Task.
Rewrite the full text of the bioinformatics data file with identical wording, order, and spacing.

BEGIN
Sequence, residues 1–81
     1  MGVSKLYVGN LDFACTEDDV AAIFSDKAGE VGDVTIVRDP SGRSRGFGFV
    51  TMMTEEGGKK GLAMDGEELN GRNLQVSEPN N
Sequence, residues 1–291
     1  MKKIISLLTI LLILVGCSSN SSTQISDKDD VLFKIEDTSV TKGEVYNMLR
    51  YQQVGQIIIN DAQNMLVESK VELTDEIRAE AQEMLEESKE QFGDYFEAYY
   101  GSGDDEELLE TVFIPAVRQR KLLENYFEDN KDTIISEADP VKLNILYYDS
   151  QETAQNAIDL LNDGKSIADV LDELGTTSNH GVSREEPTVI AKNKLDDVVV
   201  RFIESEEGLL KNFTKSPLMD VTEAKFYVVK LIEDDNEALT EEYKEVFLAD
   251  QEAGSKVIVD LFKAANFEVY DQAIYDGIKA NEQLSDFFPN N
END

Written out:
Sequence, residues 1–81
     1  MGVSKLYVGN LDFACTEDDV AAIFSDKAGE VGDVTIVRDP SGRSRGFGFV
    51  TMMTEEGGKK GLAMDGEELN GRNLQVSEPN N
Sequence, residues 1–291
     1  MKKIISLLTI LLILVGCSSN SSTQISDKDD VLFKIEDTSV TKGEVYNMLR
    51  YQQVGQIIIN DAQNMLVESK VELTDEIRAE AQEMLEESKE QFGDYFEAYY
   101  GSGDDEELLE TVFIPAVRQR KLLENYFEDN KDTIISEADP VKLNILYYDS
   151  QETAQNAIDL LNDGKSIADV LDELGTTSNH GVSREEPTVI AKNKLDDVVV
   201  RFIESEEGLL KNFTKSPLMD VTEAKFYVVK LIEDDNEALT EEYKEVFLAD
   251  QEAGSKVIVD LFKAANFEVY DQAIYDGIKA NEQLSDFFPN N